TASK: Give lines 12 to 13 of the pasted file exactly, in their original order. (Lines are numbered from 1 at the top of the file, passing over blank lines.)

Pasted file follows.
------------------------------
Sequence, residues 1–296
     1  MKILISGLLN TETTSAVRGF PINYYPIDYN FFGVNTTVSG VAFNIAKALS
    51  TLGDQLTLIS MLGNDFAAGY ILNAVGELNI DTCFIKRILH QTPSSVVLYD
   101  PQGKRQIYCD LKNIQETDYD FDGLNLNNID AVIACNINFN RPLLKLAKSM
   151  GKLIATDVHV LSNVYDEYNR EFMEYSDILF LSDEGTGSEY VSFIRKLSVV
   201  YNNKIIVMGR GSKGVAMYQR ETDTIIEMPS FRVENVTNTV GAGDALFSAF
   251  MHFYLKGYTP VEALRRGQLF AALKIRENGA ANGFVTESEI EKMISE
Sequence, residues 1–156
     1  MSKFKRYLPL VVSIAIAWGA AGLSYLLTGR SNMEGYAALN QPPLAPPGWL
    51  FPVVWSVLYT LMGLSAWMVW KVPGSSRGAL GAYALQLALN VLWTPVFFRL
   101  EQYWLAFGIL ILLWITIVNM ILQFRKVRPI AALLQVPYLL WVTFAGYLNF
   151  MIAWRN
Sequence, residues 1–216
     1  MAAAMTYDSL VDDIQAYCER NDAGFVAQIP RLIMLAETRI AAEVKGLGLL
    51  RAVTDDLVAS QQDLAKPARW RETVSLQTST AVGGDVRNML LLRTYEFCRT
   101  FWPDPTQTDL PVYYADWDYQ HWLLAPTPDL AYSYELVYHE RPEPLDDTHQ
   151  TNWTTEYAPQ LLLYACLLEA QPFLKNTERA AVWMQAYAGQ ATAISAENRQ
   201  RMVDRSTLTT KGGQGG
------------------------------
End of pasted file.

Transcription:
   151  MIAWRN
Sequence, residues 1–216